• mike

    The problem is NOT that the BBC slanted the news to further its anti-war agenda; Newspapers do that all the time (it

  • TIme for some comic relief !!!
    Carton here…

  • yankinlondon

    The white wash doesn’t seem to have taken hold with the public. Polls in the morning papers indicate that 3 times as many people trust the Beeb as compared to the government.
    The result of this enquiry was certain once Blair said he would resign if it was found that he lied. A conservative, establishment judge like Hutton was never going to be the one to bring a government down.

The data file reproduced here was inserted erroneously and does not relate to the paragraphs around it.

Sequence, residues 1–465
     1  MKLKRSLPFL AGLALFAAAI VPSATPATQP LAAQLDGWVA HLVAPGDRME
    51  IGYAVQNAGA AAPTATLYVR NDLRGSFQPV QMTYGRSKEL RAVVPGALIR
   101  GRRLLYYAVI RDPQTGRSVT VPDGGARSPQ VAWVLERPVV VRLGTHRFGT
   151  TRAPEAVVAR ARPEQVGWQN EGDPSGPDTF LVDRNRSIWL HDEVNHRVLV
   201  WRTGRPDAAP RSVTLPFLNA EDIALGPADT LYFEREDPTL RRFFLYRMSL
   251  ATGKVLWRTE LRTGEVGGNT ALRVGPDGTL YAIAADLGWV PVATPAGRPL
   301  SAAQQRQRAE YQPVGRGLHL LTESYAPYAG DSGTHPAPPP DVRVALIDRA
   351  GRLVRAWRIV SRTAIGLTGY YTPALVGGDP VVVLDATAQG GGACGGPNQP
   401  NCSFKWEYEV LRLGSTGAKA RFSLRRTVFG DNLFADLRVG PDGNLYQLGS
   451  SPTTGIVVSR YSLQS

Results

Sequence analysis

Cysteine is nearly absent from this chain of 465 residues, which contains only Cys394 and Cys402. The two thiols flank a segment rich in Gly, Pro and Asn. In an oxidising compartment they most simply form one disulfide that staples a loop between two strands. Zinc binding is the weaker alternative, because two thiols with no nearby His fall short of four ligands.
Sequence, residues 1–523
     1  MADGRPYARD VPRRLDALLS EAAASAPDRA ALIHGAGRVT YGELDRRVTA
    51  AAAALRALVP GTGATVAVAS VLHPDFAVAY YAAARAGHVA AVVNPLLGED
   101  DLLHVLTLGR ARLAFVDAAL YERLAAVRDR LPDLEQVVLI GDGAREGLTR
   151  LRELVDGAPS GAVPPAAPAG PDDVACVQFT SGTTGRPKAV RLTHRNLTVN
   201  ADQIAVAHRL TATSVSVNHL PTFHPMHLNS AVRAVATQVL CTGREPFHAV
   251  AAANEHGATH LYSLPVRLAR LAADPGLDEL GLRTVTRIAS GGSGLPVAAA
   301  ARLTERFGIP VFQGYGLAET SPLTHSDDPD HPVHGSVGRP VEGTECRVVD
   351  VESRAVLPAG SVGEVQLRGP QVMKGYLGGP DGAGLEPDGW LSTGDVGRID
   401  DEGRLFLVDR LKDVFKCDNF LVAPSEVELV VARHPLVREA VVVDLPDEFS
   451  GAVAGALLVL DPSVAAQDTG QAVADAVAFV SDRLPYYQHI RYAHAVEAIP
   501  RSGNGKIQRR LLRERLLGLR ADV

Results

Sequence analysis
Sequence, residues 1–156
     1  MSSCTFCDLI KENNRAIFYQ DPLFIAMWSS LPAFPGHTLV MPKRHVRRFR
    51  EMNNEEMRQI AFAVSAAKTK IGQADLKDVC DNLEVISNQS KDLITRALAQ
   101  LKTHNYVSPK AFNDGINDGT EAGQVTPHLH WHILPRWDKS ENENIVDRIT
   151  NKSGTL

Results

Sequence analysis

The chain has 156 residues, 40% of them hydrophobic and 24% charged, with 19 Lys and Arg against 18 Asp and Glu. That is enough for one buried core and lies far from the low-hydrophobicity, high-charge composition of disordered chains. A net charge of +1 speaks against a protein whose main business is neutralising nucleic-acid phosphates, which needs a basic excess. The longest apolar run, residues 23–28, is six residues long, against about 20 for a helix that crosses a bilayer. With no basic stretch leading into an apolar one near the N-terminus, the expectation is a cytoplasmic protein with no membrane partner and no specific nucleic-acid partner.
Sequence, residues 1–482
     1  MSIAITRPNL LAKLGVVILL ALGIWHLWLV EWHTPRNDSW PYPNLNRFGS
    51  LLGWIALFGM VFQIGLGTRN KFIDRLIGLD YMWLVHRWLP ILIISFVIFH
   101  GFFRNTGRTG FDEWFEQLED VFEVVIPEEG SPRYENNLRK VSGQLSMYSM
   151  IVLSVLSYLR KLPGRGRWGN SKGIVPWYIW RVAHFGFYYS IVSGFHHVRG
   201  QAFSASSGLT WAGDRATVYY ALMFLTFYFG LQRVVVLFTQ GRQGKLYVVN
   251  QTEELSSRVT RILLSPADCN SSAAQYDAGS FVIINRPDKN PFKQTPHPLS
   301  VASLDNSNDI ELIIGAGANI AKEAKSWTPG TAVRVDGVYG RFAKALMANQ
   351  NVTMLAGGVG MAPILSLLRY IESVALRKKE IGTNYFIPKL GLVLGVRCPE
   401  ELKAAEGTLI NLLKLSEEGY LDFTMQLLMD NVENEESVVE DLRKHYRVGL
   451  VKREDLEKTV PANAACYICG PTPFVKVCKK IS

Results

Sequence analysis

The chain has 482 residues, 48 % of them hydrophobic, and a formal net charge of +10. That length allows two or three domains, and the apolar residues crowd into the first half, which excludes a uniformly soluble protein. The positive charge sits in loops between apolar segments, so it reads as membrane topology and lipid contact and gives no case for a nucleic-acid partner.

I suggest that all of you take some time and read the reported conclusions AND the evidence to see if there appears to be any correation between the two.
    I have lived in Britain for 11 years and the BBC provides excellent and generally unbiased news coverage. I confess I am appalled when I return to the states to see the depths to which American journalism, especially TV journalism, has fallen.
    America could use, but will not get, a network of the stature of the BBC.

  • Blue Eyed Devil